Typhoon HIL Champion – Mr. Hashimoto from National Institute in Fukushima National Institute of Advanced Industrial Science and Technology (AIST)
The Japanese National Institute of Advanced Industrial Science and Technology’s (AIST) Fukushima Renewable Energy Research Institute is one of the world's largest facilities for testing and evaluation of high-power power electronics converters. Its mission and goals are similar to Sandia National Laboratories and National Renewable Energy Laboratory (NREL) in the US, and the Austrian Institute of Technology (AIT) in Europe.
Despite extensive capabilities and tools for simulation and testing, AIST decided to introduce Typhoon HIL solutions to further improve smart inverter grid compliance testing and to work closely with Japanese inverter manufacturers to adopt the ultra-high fidelity C-HIL methodology.
Mr. Isamu Sugiyama from MyWay caught up with Mr. Jun Hashimoto from the Fukushima Renewable Energy Research Institute during a recent visit.
Can you tell us a little bit about the National Institute of Advanced Industrial Science and Technology (AIST)?
AIST is one of the largest research institutes in Japan. We are focused on the development and practical applications of technologies useful for the Japanese industry and society. Furthermore, our mission is to be the "bridging" facilities towards deploying innovative technologies and their commercialization. We are creating innovative technologies for the creation of a sustainable society.
What kind of work does the power systems team do?
My team is focused on research and development to enable deployment and broad adoption of distributed energy resources (DER’s). Specifically, we work on the next generation of grid-tied power converters (smart inverters) with advanced grid support functions, and intelligent controls and communications. We research new power converter topologies and advanced controls that can enable new functionality.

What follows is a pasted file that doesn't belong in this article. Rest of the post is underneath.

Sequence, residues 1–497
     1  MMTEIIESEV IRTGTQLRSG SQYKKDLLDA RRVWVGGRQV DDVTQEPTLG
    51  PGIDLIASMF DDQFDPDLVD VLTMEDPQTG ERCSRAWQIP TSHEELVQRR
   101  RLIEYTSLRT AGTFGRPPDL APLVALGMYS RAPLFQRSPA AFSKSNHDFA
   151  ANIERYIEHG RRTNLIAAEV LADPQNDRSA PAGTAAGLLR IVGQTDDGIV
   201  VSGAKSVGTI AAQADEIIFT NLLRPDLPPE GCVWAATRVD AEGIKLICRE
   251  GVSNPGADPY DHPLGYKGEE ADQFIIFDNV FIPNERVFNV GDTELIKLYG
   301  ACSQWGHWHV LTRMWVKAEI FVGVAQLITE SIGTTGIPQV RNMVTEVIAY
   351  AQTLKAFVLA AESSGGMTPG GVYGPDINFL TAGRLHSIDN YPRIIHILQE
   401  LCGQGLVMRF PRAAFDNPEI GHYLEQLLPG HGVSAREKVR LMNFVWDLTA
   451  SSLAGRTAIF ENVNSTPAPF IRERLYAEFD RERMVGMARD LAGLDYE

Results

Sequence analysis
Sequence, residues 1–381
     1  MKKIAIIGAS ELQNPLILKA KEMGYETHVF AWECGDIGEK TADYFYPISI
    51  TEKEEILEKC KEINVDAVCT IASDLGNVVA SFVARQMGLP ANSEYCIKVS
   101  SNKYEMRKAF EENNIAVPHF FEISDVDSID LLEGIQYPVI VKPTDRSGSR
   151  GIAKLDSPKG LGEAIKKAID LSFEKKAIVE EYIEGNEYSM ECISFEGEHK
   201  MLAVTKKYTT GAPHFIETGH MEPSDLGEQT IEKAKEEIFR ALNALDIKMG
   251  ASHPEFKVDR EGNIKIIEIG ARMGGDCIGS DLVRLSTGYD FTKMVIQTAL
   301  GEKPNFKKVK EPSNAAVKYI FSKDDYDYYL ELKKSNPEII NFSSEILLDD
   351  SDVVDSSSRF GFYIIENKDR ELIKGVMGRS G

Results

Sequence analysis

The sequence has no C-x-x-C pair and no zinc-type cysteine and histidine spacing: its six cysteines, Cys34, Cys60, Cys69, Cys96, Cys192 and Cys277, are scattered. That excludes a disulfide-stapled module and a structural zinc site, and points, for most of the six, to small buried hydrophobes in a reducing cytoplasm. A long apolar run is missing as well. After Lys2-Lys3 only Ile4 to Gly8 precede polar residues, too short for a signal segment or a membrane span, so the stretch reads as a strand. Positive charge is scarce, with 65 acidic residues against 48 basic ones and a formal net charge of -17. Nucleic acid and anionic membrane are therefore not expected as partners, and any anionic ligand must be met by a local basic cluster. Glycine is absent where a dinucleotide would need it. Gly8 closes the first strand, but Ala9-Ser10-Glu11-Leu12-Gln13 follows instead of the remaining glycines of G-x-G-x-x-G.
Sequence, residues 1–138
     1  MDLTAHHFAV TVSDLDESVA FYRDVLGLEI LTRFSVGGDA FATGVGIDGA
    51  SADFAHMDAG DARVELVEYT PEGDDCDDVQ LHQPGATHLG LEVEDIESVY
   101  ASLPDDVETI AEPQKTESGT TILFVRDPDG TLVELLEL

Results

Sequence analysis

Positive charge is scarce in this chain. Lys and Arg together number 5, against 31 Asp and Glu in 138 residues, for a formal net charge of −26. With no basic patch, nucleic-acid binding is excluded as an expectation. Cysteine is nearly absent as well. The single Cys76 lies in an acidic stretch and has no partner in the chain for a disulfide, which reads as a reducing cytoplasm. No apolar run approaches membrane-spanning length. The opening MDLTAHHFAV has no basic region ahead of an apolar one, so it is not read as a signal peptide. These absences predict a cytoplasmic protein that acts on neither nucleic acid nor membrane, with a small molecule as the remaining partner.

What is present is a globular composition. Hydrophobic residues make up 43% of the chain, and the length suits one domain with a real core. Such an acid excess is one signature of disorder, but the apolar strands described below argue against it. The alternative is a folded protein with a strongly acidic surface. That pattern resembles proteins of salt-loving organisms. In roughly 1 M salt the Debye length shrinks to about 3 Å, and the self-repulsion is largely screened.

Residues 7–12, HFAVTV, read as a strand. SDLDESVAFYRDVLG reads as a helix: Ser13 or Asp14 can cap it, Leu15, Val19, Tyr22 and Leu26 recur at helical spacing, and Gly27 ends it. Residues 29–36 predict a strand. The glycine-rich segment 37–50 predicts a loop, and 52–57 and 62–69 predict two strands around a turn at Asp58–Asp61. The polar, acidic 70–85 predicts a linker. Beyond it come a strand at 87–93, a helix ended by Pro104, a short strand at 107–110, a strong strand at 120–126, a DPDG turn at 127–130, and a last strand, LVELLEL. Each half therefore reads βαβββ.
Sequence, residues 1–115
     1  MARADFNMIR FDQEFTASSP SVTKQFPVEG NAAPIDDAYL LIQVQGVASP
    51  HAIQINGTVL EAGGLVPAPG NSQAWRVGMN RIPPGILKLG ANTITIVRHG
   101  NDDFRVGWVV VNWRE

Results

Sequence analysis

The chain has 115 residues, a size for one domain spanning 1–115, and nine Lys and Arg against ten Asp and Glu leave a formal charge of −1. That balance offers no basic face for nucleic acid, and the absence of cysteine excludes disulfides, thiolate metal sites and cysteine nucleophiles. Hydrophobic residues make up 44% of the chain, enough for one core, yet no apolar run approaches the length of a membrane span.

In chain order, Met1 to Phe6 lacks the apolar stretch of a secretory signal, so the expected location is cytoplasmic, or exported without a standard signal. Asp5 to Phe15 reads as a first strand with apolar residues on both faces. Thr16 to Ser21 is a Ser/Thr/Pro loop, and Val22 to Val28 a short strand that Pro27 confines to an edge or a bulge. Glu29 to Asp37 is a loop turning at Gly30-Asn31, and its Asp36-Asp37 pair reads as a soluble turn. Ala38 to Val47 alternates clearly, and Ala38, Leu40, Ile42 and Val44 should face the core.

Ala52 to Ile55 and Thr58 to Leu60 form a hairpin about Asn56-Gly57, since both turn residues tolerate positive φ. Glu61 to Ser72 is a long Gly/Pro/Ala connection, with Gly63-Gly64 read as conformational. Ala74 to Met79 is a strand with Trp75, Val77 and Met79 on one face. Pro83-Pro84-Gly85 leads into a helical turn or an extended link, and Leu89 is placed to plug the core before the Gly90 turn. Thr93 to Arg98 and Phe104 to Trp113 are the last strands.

How did you discover Typhoon HIL?
I saw the first demo of Typhoon HIL while visiting the Austrian Institute of Technology (AIT) as part of the Smart Grid International Research Facility Network (SIRFN*) where we were collaborating closely with Sandia National Laboratories, National Renewable Energy Laboratory (NREL), and others.
Six years ago, we participated in a demonstration with Typhoon HIL equipment used for pre-certification of smart inverters at AIT that convinced us to introduce the technology ourselves.
“Now, all the research institutes in the SIRFN network use HIL and are promoting HIL technology as well as international standardization.
* SIRFN is a part of the International Smart Grid Action Network (ISGAN). ISGAN is an international network of government representatives from 24 countries to promote the spread of smart and clean power systems.
How do you use the Typhoon HIL tools?
Typhoon HIL is an extremely attractive platform for both research and development. The software is developed based on an award-winning design concept; it is incredibly easy to use and enables ultra-high fidelity real-time simulation. It also allows us to increase the size of analyzed our system by simply plugging in additional HIL simulator hardware.